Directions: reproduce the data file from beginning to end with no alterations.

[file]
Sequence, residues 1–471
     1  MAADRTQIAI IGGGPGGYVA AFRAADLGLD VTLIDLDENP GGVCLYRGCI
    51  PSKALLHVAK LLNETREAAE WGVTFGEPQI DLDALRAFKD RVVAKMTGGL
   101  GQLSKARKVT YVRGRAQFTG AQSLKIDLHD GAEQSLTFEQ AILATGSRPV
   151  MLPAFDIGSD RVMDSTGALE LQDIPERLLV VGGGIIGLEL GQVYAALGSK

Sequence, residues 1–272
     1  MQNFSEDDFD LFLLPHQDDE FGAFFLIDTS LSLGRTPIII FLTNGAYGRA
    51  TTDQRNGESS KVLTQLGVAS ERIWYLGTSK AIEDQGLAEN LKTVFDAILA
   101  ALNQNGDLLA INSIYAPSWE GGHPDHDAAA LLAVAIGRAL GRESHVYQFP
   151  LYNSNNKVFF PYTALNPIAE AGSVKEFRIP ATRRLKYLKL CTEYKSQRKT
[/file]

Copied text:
Sequence, residues 1–471
     1  MAADRTQIAI IGGGPGGYVA AFRAADLGLD VTLIDLDENP GGVCLYRGCI
    51  PSKALLHVAK LLNETREAAE WGVTFGEPQI DLDALRAFKD RVVAKMTGGL
   101  GQLSKARKVT YVRGRAQFTG AQSLKIDLHD GAEQSLTFEQ AILATGSRPV
   151  MLPAFDIGSD RVMDSTGALE LQDIPERLLV VGGGIIGLEL GQVYAALGSK

Sequence, residues 1–272
     1  MQNFSEDDFD LFLLPHQDDE FGAFFLIDTS LSLGRTPIII FLTNGAYGRA
    51  TTDQRNGESS KVLTQLGVAS ERIWYLGTSK AIEDQGLAEN LKTVFDAILA
   101  ALNQNGDLLA INSIYAPSWE GGHPDHDAAA LLAVAIGRAL GRESHVYQFP
   151  LYNSNNKVFF PYTALNPIAE AGSVKEFRIP ATRRLKYLKL CTEYKSQRKT